The MGB was originally released in 1962. A two-door sports car with a monocoque shell, it was an innovative design for its time. The GT version was introduced in October 1965 and again, introduced a ground-breaking design by Pininfarina in the form of the ‘greenhouse’ style, sloping roof angling the back lines down to the deck lid. The V8 version was introduced in 1973 and featured the lightest mass-produced aluminium V8 engine available at the time. The age of the MGB had truly arrived!
This MGB GT V8 had been completely and beautifully rebuilt using a heritage bodyshell to better than new. Every nut and bolt, the suspension components and even the glass had been replaced and now it was ready for a professional detail to bring the whole picture together.
Having spent the last few months at an eminent MG specialist in Hull, the owner finally collected the car and immediately drove the 208 miles to UF’s Brands Hatch-based Detailing Studio where it was booked in for a Gloss Enhancement Treatment to refine the brand new paintwork. The rebuilt V8 understandably had to be run in and despite driving carefully, the inevitable first stone chip was collected and would need to be addressed prior to the sealing stage.
Initially, the MGB was treated for ferrous contamination using Nanolex Wheel Cleaner & Iron Remover. This type of contamination would have been caused by the brake pads shredding when the brakes were applied (as would happen often during a 208-mile journey!) and the subsequent fine metallic particles becoming aerosolized. These particles bond with wheels and bodywork and left untreated can cause permanent pitting in the underlying substrate. As this car had recently been extensively restored, avoiding any such damage was of paramount importance.
After safely rinsing the iron contamination away, the MGB was thoroughly degreased using Bilt-Hamber Surfex-HD, to remove an oily residues and diesel splatters thrown up during the cars maiden drive.
The car was rinsed again before being treated with Ultimate Snow Foam. This non-contact pre-wash cleaner lifts remaining large particles of dirt and grit away from the surface of the vehicle and allows them to be freely rinsed away.
When a car has been freshly painted, typically the lacquer is quite soft. As such, it’s quite easy to mark so it’s really important to make sure as much of the contamination as possible is washed away before a wash mitt comes into contact with the surface. As soon as pressure is applied the chances of marking the paint increases dramatically. Non-contact decontamination and pre-cleaning helps to prevent accidental swirling and scratching. – Derek Ginger, Master Detailer, UF Detailing Studio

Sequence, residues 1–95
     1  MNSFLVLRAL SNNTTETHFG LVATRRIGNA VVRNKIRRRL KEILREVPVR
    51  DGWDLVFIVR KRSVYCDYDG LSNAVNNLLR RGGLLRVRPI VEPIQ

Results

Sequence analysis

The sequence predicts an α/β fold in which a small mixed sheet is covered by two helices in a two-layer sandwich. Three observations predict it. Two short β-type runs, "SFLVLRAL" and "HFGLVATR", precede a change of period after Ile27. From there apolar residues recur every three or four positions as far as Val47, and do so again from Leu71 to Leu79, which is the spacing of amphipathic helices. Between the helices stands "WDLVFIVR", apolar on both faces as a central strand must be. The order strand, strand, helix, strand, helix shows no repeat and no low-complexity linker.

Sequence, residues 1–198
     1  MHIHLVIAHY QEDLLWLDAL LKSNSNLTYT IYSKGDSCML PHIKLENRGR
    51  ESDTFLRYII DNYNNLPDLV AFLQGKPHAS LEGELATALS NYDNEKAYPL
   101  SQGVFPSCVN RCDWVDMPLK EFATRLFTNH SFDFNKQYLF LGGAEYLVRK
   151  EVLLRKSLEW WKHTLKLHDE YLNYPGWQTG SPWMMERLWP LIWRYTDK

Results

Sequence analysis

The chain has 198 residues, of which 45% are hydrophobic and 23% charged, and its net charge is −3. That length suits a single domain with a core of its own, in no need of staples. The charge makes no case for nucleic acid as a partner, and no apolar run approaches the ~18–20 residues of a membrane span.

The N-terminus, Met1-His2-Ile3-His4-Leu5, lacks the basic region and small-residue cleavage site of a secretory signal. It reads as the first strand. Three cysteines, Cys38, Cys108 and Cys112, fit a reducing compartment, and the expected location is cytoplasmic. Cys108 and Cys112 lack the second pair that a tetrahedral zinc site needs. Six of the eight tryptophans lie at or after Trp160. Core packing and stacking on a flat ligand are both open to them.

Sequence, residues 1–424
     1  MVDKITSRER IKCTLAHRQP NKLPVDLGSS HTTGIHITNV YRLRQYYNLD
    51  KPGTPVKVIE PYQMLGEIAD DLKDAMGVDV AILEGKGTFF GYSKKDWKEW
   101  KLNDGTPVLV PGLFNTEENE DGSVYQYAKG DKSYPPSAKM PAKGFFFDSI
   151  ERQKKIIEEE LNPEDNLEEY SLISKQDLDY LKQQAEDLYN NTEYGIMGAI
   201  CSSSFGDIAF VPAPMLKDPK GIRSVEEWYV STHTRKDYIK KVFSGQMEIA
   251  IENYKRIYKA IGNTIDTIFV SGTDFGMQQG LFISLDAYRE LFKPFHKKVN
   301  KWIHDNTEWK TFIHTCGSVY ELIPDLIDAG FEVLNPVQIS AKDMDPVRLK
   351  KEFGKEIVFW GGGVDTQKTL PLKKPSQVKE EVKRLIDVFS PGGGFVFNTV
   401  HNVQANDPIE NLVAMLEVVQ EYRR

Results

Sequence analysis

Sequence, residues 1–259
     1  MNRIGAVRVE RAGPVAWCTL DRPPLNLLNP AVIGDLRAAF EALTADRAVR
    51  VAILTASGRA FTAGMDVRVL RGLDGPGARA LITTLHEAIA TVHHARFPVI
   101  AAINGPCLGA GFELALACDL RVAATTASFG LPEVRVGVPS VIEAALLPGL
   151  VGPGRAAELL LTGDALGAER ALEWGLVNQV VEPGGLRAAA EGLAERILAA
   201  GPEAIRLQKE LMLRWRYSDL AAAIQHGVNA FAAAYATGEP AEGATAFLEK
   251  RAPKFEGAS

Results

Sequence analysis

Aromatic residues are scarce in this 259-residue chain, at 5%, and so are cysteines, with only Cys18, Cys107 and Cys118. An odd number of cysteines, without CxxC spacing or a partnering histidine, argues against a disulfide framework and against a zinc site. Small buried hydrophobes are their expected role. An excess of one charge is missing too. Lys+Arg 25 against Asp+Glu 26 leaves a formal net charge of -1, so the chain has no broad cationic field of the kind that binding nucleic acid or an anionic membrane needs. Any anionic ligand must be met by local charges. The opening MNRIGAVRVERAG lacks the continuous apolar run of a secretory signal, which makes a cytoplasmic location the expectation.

The car was then washed using the Two Bucket Method, an Ulti-Mitt Double Sided Merino Wash Mitt and Nanolex Pure Shampoo. This pH neutral shampoo is Phosphate free and leaves no residues behind which could if left, interfere later with the application of the final sealant. Once clean, the car was rinsed clear of suds before an Aqua Gleam De-ionising Water Filter was attached in-line with the hose to give the car a final, pure water rinse.
Then the paintwork was carefully dried using UF Ultra-Soft Microfibre Drying Towels before the car was brought into the studio. Here, an air blower was used to make sure all moisture was removed from the hard to reach areas including in the engine bay. The car was raised on the ramp to allow for the components underneath the body of the car to be dried too.
The paintwork was inspected under high-intensity lighting, during which swirls and fine surface scratches were uncovered.
It’s quite normal to find paintwork damage following a restoration. Basically, all the parts have to be refitted to the car, everything from putting the seats back in, putting the bumpers and over riders on, reinstalling the hood lining – the lot! So it’s inevitable that some marks are going to end up in the lacquer – it’s unavoidable. New paint is quite soft, so that has to be taken into account when deciding which products to use to correct the defects. – Derek Ginger, Master Detailer, UF Detailing Studio